Kersten E Reider
Reading Health System, USA
Posters & Accepted Abstracts: J Nurs Care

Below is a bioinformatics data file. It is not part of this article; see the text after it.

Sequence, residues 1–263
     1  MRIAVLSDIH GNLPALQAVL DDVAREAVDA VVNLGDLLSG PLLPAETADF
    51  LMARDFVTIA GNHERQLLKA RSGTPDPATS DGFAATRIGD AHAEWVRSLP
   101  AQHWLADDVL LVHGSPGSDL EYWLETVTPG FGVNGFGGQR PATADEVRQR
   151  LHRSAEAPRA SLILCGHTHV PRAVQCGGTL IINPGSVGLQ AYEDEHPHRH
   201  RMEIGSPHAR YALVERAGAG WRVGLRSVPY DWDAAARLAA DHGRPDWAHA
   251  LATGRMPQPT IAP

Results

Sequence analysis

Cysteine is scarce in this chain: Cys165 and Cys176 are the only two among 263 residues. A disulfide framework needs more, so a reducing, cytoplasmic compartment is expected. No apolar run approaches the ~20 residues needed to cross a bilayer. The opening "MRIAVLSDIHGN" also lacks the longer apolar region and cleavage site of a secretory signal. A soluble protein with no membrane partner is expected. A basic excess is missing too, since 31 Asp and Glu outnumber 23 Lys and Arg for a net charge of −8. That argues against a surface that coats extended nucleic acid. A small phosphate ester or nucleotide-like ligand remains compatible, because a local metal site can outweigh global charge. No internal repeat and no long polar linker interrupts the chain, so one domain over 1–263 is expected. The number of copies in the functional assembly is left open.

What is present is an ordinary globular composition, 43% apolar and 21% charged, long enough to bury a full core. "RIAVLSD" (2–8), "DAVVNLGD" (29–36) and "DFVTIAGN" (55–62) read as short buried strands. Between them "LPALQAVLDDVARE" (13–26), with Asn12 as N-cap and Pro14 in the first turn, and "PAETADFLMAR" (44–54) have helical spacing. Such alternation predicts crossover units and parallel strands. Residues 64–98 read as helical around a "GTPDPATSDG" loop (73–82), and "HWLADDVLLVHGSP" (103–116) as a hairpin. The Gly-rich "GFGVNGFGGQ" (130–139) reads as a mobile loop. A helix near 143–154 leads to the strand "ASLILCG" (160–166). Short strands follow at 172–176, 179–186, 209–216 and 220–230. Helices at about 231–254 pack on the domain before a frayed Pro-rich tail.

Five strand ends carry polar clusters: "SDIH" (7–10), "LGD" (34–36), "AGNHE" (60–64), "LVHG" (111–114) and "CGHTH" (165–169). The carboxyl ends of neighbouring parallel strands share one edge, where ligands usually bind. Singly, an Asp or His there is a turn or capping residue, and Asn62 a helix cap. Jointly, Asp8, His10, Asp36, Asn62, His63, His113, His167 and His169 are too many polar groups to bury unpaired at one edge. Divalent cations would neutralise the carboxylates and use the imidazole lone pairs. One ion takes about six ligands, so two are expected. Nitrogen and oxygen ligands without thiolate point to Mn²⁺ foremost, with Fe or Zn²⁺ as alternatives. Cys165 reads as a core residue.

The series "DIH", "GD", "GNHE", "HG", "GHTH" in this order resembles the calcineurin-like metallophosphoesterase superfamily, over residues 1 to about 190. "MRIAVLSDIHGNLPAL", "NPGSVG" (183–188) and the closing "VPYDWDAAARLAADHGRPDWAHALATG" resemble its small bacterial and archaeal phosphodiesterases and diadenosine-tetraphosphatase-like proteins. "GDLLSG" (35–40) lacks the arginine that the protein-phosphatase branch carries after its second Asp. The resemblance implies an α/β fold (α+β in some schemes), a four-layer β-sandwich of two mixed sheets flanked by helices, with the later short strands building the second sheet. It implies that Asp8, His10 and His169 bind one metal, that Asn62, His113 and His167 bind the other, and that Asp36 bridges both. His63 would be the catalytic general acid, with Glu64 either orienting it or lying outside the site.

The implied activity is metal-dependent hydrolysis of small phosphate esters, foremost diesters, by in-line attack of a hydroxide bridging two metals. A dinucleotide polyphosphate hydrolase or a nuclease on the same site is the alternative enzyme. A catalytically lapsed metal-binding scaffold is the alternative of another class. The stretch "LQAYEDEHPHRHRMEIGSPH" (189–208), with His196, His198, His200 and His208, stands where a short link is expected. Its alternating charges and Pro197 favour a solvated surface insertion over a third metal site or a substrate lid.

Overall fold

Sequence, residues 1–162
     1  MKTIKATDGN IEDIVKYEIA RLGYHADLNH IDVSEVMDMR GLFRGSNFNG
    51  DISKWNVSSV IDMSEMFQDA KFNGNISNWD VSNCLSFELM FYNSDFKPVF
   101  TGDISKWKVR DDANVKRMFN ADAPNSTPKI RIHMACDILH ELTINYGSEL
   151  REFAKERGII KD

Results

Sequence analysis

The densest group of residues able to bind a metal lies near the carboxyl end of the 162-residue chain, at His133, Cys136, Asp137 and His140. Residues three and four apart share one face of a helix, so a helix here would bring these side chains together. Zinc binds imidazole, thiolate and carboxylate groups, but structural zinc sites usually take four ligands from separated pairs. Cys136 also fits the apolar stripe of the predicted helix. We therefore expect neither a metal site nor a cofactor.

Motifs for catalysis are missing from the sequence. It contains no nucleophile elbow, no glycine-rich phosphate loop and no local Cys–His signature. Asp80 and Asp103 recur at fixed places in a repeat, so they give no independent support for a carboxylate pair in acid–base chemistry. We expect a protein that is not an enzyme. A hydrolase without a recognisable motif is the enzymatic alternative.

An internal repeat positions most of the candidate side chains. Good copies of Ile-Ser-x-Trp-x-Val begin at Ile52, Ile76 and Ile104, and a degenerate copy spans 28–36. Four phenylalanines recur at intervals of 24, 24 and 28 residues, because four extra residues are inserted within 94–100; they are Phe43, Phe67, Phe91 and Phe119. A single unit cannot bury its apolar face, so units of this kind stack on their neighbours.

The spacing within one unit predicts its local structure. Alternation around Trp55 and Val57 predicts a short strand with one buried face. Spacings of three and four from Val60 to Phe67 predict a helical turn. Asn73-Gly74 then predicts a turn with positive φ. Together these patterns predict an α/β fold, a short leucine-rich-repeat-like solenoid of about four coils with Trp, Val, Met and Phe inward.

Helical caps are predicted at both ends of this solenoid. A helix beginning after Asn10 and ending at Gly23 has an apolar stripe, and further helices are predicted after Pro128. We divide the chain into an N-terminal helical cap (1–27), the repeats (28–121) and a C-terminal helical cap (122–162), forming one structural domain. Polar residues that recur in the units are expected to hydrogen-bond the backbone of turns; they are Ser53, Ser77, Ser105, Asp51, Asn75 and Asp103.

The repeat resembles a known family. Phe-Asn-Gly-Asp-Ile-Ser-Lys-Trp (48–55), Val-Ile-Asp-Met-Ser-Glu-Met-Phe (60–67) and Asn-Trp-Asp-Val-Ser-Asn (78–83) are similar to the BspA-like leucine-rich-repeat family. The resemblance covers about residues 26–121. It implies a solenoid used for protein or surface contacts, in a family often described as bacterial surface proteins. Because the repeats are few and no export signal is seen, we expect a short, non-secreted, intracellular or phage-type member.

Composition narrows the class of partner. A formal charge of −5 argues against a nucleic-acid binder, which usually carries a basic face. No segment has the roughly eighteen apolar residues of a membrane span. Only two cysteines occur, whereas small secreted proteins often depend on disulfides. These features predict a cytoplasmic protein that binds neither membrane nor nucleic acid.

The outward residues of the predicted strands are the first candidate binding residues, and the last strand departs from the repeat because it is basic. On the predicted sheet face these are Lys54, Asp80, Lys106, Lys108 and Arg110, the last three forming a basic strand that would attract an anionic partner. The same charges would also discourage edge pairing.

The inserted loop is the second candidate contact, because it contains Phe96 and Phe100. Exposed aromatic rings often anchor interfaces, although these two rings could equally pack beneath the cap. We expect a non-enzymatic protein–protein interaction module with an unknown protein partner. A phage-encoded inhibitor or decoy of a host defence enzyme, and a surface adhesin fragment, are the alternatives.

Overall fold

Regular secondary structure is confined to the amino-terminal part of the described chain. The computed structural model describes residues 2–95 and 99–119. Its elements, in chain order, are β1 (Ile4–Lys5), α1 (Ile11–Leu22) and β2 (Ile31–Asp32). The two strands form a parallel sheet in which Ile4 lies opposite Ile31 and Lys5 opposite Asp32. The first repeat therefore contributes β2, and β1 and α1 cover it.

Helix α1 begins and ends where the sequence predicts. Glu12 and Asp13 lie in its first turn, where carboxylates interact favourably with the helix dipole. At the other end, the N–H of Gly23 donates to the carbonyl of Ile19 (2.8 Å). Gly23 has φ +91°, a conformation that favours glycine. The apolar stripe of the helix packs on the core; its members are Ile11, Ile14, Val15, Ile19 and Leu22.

Statement of the Problem: Entero Atmospheric Fistulas (EAFs) are a common complication of open abdomen bowel surgery with an estimated 2-50% of patients developing fistulas post-surgery. The presence of an EAF increases patient morbidity and provides a challenge to the wound care team. Traditionally, management of EAFs has involved placing a large fistula management pouches over the wound to collect and contain effluent. However, more recent techniques isolate the fistula and apply Negative Pressure Wound Therapy (NPWT) to the rest of the wound. I isolated an EAF and applied NPWT to a large abdominal wound to promote granulation tissue formation and decrease wound dimensions. Methods: A fistula management pouch was utilized for several months to encompass the wound and contain effluent. This method proved to be ineffective. The fistula was then isolated utilizing a collapsible enteroatmospheric fistula isolation device and an ostomy appliance to contain effluent. The wound was then managed with Negative Pressure Wound Therapy (NPWT). Findings: A 54-year-old morbidly obese female was admitted with a small bowel obstruction and large ventral hernia. The patient underwent an exploratory laparotomy with lysis of adhesions and ventral hernia repair with mesh placement and she ultimately developed an EAF. Contraction of wound edges and presence of granulation tissue were observed after NPWT use in the wound bed around the isolated EAF. The patient was successfully discharged to home under the care of visiting nurses. Conclusions: The application of the collapsible enteroatmospheric fistula isolation and effluent containment devices in conjunction with NPWT produced positive patient outcomes, including patient satisfaction, decrease financial burden, promotion of wound healing and ultimately wound closure.
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